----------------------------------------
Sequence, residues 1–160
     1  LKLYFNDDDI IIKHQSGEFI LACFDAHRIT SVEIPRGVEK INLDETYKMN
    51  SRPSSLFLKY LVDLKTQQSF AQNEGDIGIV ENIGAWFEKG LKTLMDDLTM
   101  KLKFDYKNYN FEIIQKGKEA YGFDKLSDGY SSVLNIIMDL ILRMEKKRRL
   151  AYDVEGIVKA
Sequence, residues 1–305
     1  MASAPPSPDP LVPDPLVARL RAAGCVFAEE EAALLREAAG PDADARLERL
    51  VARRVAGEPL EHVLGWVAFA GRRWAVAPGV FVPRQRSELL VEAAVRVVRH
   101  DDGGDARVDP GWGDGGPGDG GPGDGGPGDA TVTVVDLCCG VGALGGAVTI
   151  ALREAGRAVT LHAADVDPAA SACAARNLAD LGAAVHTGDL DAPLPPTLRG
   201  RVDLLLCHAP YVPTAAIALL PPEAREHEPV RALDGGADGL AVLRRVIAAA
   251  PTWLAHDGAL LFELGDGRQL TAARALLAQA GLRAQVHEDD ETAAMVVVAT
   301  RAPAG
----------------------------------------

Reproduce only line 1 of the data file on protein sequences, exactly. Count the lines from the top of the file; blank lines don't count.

Sequence, residues 1–160